There's no doubt that the Web was a catalyst for a revolution that changed the lives of software developers and end users alike. Web services provide the foundation for another profound revolution in the way we build and use applications. It is up to developers like you and I to take this foundation and make the revolution happen. With this book, I aim to give you the information and insight you need to design and build next generation distributed interoperable applications with Web services.
My treatment of Web services in this book is divided in two sections: The first four chapters explain the architectural foundation on which Web services are built. The remaining eight chapters explain the tools you use to build Web services including the SOAP toolkit and the .NET framework.
This book is intended for experienced developers who have little or now experience with Web services. The book assumes you have programmed with VB 6, classic ASP, and VB .NET. It assumes you understand the fundamentals of Web application development and have a basic understanding of XML documents and the XML Document Object Model (XML DOM). This book is not for developers who have no .NET knowledge or experience.
A Live Book
The world of Web services is changing rapidly. There are new standards being defined every month and new implementations of those standards are being released on a hectic schedule. It is impossible for a traditional printed book to keep up with this rapid pace of change. When I set out to write this book, I decided to combine the print version with an online version that will be maintained and kept up-to-date with thestandards.
As an owner of a print copy of this book, you have access to the online version of this book including all the new content being added as standards emerge and tools change. Please make sure you take a look at what's new online.
Chapter 1: Introduction to Web Services
To start things off I explain what Web services are and the scenarios where they prove useful. I also show you how to create Web services with .NET and with the SOAP Toolkit. The idea is to give you a head start on creating and invoking Web services before digging into the details.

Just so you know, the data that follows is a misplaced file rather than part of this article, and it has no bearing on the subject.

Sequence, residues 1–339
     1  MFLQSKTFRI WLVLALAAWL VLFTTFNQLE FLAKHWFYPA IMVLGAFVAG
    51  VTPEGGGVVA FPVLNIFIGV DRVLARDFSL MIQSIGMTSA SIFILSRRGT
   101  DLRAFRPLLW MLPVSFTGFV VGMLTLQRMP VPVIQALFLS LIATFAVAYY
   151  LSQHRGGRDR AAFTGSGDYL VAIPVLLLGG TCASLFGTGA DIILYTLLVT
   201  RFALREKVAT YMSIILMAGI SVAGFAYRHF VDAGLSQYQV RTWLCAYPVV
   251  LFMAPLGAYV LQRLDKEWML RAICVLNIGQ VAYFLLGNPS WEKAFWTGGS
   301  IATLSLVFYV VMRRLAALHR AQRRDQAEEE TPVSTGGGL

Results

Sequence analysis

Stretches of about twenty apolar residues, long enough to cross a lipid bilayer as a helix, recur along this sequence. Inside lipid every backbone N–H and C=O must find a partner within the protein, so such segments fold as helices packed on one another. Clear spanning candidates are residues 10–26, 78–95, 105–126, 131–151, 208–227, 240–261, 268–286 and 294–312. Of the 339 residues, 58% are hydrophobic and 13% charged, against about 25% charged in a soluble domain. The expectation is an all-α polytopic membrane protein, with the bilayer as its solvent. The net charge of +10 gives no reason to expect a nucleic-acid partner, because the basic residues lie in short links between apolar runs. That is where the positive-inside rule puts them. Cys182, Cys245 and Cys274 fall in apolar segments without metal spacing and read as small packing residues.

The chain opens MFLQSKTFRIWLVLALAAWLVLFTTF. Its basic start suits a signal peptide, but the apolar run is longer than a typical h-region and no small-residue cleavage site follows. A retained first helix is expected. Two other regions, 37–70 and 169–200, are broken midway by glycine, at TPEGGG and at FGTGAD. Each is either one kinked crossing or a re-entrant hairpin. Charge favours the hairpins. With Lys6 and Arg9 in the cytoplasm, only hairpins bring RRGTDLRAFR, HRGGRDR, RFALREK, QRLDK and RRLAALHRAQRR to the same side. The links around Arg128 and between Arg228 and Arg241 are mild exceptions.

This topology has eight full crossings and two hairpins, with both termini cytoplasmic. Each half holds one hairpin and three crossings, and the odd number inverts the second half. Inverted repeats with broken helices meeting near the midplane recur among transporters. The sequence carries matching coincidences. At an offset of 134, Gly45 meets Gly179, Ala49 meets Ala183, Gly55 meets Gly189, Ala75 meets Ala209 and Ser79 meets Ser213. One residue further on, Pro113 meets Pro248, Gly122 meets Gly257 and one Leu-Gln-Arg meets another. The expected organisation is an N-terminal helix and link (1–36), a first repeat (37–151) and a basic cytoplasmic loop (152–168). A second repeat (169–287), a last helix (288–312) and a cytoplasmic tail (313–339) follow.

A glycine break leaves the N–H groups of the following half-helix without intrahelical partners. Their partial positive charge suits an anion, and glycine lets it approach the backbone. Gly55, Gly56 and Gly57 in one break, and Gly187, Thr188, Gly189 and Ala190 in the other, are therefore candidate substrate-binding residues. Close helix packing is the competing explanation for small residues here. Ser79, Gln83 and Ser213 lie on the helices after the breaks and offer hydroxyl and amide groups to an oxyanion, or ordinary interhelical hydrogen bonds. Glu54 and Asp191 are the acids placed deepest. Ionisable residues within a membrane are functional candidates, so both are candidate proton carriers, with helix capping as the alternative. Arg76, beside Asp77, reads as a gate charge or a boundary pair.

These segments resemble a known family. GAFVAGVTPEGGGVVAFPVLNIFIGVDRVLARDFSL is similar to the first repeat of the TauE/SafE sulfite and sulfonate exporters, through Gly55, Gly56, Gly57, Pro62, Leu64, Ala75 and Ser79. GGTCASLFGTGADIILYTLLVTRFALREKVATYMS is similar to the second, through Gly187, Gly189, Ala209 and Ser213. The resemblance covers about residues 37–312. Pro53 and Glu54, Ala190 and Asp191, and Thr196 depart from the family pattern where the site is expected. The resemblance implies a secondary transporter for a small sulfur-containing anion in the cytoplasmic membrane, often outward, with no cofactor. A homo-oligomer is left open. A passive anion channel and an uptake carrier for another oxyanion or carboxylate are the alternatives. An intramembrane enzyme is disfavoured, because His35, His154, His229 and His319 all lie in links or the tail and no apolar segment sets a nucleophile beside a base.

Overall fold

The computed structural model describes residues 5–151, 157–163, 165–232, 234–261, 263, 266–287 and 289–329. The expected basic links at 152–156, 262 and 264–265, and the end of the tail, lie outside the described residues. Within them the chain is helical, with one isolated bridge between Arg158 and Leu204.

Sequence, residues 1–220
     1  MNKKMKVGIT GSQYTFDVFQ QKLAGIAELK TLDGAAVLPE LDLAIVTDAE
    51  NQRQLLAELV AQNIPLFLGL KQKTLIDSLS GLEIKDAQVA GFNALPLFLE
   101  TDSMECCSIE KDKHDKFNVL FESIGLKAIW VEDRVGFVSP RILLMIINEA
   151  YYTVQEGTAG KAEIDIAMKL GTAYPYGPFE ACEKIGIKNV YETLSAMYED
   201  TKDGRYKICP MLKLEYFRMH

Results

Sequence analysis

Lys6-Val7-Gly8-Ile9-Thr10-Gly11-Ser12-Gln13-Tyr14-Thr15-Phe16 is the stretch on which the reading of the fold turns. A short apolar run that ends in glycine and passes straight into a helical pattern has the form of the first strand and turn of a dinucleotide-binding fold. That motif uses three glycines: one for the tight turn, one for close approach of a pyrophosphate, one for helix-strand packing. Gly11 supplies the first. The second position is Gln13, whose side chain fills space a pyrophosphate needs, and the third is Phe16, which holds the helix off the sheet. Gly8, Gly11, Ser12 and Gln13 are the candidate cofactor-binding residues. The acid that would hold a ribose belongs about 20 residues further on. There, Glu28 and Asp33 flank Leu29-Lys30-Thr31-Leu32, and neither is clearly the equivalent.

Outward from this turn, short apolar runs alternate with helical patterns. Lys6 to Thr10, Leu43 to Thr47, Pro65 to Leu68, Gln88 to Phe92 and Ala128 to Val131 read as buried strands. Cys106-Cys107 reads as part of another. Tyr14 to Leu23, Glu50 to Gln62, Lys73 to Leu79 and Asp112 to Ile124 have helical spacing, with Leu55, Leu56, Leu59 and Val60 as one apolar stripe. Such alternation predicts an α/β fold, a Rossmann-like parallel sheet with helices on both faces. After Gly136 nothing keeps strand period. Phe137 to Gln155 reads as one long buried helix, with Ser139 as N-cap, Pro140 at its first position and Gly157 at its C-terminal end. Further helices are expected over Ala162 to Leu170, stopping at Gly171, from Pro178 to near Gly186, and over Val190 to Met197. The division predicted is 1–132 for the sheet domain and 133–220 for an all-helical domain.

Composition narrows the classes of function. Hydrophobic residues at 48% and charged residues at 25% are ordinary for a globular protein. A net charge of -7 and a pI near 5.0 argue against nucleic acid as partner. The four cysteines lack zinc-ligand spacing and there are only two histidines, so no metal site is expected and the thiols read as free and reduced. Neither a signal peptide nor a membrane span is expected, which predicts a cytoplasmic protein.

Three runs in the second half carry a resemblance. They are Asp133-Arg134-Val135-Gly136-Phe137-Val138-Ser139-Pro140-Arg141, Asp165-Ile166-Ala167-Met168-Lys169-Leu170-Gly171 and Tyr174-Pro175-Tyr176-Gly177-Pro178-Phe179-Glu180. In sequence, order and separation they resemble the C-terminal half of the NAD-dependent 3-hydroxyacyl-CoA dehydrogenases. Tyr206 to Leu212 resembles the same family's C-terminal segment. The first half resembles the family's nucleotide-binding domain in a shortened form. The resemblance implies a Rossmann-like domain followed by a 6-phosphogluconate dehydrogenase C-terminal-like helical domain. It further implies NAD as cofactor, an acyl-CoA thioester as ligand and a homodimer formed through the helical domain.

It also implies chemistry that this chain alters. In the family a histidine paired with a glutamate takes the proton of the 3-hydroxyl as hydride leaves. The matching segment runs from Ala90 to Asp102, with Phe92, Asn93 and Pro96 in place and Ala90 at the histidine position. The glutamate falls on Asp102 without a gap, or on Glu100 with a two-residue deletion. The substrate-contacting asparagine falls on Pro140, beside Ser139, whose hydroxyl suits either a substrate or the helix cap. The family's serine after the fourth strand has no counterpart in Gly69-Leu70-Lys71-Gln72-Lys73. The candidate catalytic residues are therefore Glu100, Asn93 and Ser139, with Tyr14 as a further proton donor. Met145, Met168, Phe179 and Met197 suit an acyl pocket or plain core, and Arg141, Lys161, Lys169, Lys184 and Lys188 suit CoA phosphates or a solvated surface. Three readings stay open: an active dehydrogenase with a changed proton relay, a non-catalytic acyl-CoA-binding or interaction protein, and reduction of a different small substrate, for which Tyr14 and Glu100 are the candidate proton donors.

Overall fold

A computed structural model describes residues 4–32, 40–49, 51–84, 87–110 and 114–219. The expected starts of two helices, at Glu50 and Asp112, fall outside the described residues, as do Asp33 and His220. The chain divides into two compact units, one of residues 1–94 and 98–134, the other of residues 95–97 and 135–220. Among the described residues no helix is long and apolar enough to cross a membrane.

Chapter 2: XSD The Web Services Type System
This is the first of three chapters that cover the fundamentals of Web services. This chapter explains the syntax and usage of XML Schemas and shows examples of validating schemas using VB .NET and VB 6. the chapter also covers XML Serialization and shows examples of shaping the XML generated by the .NET XML Serializer.
Chapter 3: SOAP Invoking Web Services
Having understood schemas, this chapter explains SOAP, the Web services protocol. It explains how you can use SOAP for messaging as well as Remote Procedure Calls (RPC). It also shows you how to communicate error information to SOAP clients and the built-in mechanism for extending SOAP.
Chapter 4: WSDL Describing Web Services
This chapter completes the fundamentals by explaining the Web Services Description Languages, WSDL. The chapter begins with an overview then goes into the details of WSDL documents. It shows you practical examples of writing and reading WSDL documents. While it's unlikely that you'll need to create WSDL documents form scratch, it is likely that you'll need to read them and possibly modify them.